Ed Timberlake and Robbin Laird’s interview with Ronald “Ron” F. Maxwell on the monumental 1993 film “Gettysburg,” which he directed and wrote the screenplay, provoked some interesting memories.
I was very interested to learn for instance from the Robbin Laid and Ed Timberlake interview that Ron Maxwell had performed in a school play as Hamlet. And that his success in this role had led him to the NYU Film School.
I also happened to have played Hamlet at my school, Queen’s College, Taunton, Somerset in the UK in 1958. My teacher and the play’s producer, Brian Watkins, very much wanted me to continue in the theatre. I did go up to London at his insistence and was auditioned by the National Youth Theatre and was invited to join the company.
I had already, however, been offered a place at St. John’s College, Cambridge, by Harry Hinsley, the historian (and former Bletchley Park code breaker, although we did not know about Hinsley’s war-time intelligence activity until many years later because of the strictures of the Official Secrets Act.) So in 1960 instead of going into the theatre I went up to Cambridge University much to Brian Watkin’s disappointment.
I had intended to go on acting while at Cambridge and did attend the open audition for the Cambridge Dramatic Society in my first week. The auditions were being conducted by Corin Redgrave, one of the less talented members of that very talented theatre family. He was conducting the auditions seated on a very large throne in the middle of the stage I decide that this was not for me and left before my turn came.
But I do have another non-shakespearian connection to Ron Maxwell’s Gettysburg.
My house “Moss Hill” in Norfolk in northwestern Connecticut, where I lived until 2004, was constructed in 1903 for Major John Barclay Fassett. Major Fassett was a hero of the battle of Gettysburg. The house was designed by the architect, Alfredo Samuel Guido Taylor, who had arrived in Norfolk in 1902. He was to play a major role in the “village beautiful” movement in New England. Norfolk’s leading family’s, the Battells and the Eldridges, had pioneered the movement.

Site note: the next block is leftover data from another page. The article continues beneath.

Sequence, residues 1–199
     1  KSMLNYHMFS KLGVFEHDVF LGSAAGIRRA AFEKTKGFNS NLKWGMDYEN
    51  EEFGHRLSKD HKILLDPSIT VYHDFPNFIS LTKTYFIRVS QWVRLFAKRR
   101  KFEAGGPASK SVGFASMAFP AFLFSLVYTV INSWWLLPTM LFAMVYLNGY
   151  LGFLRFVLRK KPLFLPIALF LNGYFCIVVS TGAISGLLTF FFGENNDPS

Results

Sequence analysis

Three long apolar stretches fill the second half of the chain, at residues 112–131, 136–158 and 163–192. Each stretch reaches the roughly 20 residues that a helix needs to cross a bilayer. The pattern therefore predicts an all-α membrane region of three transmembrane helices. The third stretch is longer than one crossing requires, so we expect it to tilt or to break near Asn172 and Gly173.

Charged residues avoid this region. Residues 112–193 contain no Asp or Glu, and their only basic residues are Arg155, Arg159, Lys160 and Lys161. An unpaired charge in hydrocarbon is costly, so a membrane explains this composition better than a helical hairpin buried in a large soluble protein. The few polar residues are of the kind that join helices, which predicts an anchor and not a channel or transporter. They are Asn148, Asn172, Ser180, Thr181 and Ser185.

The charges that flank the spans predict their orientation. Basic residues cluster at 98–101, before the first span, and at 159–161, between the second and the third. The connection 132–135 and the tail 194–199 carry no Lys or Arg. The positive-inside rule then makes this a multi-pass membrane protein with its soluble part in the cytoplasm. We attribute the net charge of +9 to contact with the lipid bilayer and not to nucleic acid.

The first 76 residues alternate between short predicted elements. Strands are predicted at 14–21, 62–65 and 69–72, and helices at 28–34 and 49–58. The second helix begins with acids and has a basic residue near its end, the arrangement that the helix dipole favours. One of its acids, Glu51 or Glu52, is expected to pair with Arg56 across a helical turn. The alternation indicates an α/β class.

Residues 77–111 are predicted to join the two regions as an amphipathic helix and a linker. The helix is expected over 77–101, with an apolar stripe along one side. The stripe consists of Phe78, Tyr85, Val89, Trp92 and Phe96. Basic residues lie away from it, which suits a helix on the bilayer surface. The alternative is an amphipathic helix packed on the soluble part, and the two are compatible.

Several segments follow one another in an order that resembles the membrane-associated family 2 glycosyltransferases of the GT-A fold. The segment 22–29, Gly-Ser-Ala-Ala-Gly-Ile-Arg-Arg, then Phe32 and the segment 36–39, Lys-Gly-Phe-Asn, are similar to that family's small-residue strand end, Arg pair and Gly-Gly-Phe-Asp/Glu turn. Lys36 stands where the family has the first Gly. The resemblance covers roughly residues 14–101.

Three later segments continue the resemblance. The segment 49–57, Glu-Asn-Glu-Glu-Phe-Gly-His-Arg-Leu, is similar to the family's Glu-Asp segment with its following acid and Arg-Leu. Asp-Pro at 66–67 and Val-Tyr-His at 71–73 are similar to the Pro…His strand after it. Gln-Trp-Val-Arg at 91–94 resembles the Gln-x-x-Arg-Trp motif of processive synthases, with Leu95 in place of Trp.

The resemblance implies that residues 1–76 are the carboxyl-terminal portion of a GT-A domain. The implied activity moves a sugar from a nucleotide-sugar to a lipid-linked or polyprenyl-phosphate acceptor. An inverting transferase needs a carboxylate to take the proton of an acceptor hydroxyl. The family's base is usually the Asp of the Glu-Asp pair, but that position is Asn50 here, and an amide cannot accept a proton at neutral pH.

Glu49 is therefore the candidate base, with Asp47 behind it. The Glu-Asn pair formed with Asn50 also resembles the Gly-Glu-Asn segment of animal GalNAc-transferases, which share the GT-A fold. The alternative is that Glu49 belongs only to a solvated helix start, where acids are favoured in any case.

Like many of New England’s small towns in the 19th century, Norfolk had lost its economic base in agriculture and mill production. Yet Norfolk with its picturesque scenery, pure air, and mountain spring water, and at the time a very good railway connection, was among the towns in the Berkshires and Litchfield Hills which were reborn as summer resorts.
Alfredo Taylor was born in Florence, Italy, in 1872. He had graduated from Harvard, studied at Columbia University’s School of Architecture, and in Paris at the Ecole des Beaux-Arts, returning to New York City in 1900. In the Fall of 1902 he purchased a parcel of land in Norfolk adjacent to the property recently acquired by his wife’s mother and stepfather, Major John B. Fassett, who were planning to build a summer residence there.
The Fassett house, known as “Moss Hill” was Alfredo Taylor’s first Norfolk project. Taylor’s own house “Rubly” was built adjacent to “Moss Hill” and was ready for occupation in 1905. It was empty and in total disrepair when we checked it out in the mid-1990’s but has since been refurbished.
Many of Major Fassett’s books and personal belongings were in the attic, forgotten for decades, and they were still there when we moved into Moss Hill.
It took me three years to sort them all out. Major Fassett had been a member of the Harvard class of 1858. Among his fellow students was Henry Adams, later the historian and the author of “The Education of Henry Adams” an American classic.
The first edition of the book was in the attic at “Moss Hill.”